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Figure 1. Originally hypothesized factor structure, which was tested in the first confirmatory factor analysis (CFA) in Study 1. For the second CFA in Study 1 (called “modified 5-factor”), items 1 and 8 were allowed to cross-load on the intellectual factor.
Figure 1. Originally hypothesized factor structure, which was tested in the first confirmatory factor analysis (CFA) in Study 1. For the second CFA in Study 1 (called “modified 5-factor”), items 1 and 8 were allowed to cross-load on the intellectual factor.
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Figure 2. Hypothesized factor structure using the shortened 36-item survey in Study 2.
Figure 2. Hypothesized factor structure using the shortened 36-item survey in Study 2.
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Figure 3. Hypothesized factor structure using the shortened 34-item survey in Study 3.
Figure 3. Hypothesized factor structure using the shortened 34-item survey in Study 3.
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Table 1. Evolution of the Individual Sustainability survey over Studies 1, 2, and 3.
Table 1. Evolution of the Individual Sustainability survey over Studies 1, 2, and 3.
Item # (Study 1)Item # (Study 2)Item # (Study 3)StemFactor (Study 1)Factor (Study 3)
111I am a person who owns a lot of electronic devices.EconomicEconomic
2--I am a person who is careful when budgeting financial resources.Economic-
3--I am a person who finds it important to keep bills and payments current.Economic-
4--I am a person who tends to spend money impulsively.Economic-
522I am a person who admires wealth.EconomicEconomic
633I am a person who considers earning capacity the central factor in career choice.EconomicEconomic
744I am a person who feels the need to have a lot of material possessions.EconomicEconomic
85-I am a person who needs to have the “top of the line” when purchasing a product.Economic-
966I am a person who believes that having a lot of money will make me happy.EconomicEconomic
1077I am a person who makes many decisions based on money.EconomicEconomic
1188I am a person who talks to my friends and family about the characteristics and qualities of our relationship.SocialSocial/Intellectual
1299I am a person who expresses myself with appropriate warm physical contact with friends.SocialSocial/Intellectual
13--I am a person who is comfortable interacting in groups of people.Social-
14--I am a person who behaves in ways that reflect my values.Social-
151010I am a person who finds it important to balance my social time with my personal time.SocialSocial/Intellectual
16--I am a person who prefers to be with other people rather than spending time alone.Social-
171111I am a person who chooses to interact directly with other people rather than socialize via electronic devices.SocialSocial/Intellectual
181212I am a person who demonstrates openness, acceptance, and respect in my relationships.SocialSocial/Intellectual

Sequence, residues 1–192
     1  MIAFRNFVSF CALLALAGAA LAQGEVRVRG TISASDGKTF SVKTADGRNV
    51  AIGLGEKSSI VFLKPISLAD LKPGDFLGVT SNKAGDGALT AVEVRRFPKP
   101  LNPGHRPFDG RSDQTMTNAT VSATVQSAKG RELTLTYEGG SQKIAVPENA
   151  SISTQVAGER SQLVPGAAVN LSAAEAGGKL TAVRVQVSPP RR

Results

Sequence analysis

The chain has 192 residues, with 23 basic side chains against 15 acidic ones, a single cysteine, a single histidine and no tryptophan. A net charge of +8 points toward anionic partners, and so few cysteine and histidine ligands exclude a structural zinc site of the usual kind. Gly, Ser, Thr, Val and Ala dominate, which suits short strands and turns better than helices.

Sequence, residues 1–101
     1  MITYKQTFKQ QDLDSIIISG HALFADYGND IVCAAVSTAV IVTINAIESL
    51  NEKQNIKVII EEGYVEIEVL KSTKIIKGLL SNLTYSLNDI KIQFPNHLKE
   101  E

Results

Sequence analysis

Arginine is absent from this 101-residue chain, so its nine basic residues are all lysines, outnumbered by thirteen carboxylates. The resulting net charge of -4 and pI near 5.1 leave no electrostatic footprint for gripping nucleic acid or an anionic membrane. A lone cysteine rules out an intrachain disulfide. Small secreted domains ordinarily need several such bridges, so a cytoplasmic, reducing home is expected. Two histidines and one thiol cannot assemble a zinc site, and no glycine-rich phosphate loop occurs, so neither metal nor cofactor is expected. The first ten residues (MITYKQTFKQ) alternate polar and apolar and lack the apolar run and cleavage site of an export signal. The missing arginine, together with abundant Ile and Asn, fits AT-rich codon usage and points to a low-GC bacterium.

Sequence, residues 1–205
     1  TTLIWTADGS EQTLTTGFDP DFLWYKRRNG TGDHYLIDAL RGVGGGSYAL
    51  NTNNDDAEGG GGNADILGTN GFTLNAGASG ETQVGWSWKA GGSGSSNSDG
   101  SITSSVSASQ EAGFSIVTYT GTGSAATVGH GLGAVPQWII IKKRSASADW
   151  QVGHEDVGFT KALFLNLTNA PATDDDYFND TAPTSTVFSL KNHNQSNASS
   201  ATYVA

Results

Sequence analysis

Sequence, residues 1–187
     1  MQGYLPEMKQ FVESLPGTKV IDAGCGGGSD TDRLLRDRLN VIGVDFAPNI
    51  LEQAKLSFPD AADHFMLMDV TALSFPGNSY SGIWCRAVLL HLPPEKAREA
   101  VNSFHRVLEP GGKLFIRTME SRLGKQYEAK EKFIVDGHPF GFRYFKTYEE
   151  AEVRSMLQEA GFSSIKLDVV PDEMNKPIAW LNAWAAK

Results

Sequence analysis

19--I am a person who likes to be the center of attention when interacting with others.Social-
201313I am a person who is comfortable with close personal relationships.SocialSocial/Intellectual
211414I am a person who considers myself to be intellectually inclined.IntellectualSocial/Intellectual
22--I am a person who uses thinking and reasoning strategies to solve problems and generate ideas.Intellectual-
-1515(I am a person who uses critical thinking to solve problems.)Social/Intellectual
-1616(I am a person who uses creative thinking to generate ideas.)Social/Intellectual
231717I am a person who seeks out thoughtful conversations.IntellectualSocial/Intellectual
24--I am a person who likes to argue.Intellectual-
251818I am a person who likes to consider multiple sides of an issue.IntellectualSocial/Intellectual
261919I am a person who talks with others about issues that are important to our society.IntellectualSocial/Intellectual
27--I am a person who considers school a good source of intellectual stimulation.Intellectual-
282020I am a person who is inquisitive.IntellectualSocial/Intellectual
29--I am a person who tends to spend more time “doing” rather than “thinking.”Intellectual-
30--I am a person who actively seeks new knowledge.Intellectual-
312121I am a person who talks a lot about myself when I am with others.EmotionalEmotional
322222I am a person who has moods that vary widely.EmotionalEmotional
332323I am a person who often lets emotions dictate my thoughts and actions.EmotionalEmotional
342424I am a person who misdirects my anger on to others.EmotionalEmotional
35--I am a person who takes on the emotional state of others.Emotional-
36--I am a person who is sensitive to the emotions of others.Emotional-
372525I am a person who considers my emotional well-being important.EmotionalSocial/Intellectual
38--I am a person who has friends I can talk with about emotional issues.Emotional-
3926 (edited)26I am a person who frequently experiences significant stress in my life. (I am a person who experiences emotional stress.)EmotionalEmotional
-2727(I am a person who actively addresses emotional health concerns.)Social/Intellectual
402828I am a person who has strong reactions to both positive and negative events.EmotionalEmotional
4129 (edited)29I am a person who is careful to get the amount of sleep I need most nights. (“most nights” removed for Study 2)HealthHealth